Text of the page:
We source most of our Rhone varietals from in and around the Red Mountain region. At 4040 acres (1,635 hectares), Red Mountain is the smallest wine-grape growing region in Washington, but produces some of the best-regarded grapes in the State, especially for bigger red varietals.
The small geographic region that comprises the Red Mountain AVA was formed by the repeated ice-age flooding of Glacial Lake Missoula over 10,000 years ago. The flood waters redesigned the landscape, configuring the soft mountain slopes and depositing nutrient rich top soils over sand, silt and gravel.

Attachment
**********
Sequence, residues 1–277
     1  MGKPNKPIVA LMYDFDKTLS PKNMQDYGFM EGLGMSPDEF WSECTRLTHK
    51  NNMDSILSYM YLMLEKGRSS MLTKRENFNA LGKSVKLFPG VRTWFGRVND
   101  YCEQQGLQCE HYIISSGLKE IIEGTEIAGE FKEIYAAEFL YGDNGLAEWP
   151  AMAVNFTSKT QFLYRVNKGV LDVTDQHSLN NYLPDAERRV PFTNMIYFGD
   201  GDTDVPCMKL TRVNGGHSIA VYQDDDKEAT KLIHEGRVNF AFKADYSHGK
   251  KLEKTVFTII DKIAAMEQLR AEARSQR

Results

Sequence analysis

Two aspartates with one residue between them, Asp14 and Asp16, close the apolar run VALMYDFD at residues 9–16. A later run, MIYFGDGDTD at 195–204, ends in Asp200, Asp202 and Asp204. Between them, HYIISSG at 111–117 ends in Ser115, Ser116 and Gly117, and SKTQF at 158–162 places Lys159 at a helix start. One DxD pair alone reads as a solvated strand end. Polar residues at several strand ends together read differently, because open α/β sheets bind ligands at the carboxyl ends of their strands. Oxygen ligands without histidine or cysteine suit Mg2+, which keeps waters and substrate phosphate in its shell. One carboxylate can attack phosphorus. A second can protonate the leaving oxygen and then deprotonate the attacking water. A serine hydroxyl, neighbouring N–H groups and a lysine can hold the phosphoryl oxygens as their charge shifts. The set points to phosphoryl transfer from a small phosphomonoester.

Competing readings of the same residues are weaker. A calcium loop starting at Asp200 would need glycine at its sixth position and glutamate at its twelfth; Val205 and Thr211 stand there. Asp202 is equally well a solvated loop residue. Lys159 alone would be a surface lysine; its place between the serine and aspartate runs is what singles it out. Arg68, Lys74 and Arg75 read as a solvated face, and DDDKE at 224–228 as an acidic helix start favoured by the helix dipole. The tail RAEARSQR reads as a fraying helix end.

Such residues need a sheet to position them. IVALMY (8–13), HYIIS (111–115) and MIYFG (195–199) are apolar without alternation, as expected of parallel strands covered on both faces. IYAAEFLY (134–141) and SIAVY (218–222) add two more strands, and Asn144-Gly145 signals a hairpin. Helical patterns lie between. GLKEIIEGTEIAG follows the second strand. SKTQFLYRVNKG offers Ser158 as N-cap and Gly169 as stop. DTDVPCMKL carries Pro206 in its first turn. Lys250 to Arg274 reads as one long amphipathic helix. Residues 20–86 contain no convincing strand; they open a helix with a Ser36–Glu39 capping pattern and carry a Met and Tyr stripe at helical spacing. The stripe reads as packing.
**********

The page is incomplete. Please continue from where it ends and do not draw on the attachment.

The high alkalinity and calcium carbonate content of the soil, along with its granular consistency, allows for each vine to form a well-established root system. In soils with this composition, root systems are able to reach deep to obtain the necessary nutrients and moisture, despite an absence of water due to the Cascade Mountain rain shadow.
Steady winds and a elevation of between 800 and 1400 feet give Red Mountain the advantage of having relatively cool evenings, allowing the fruit to retain acidity needed to produce balanced wines.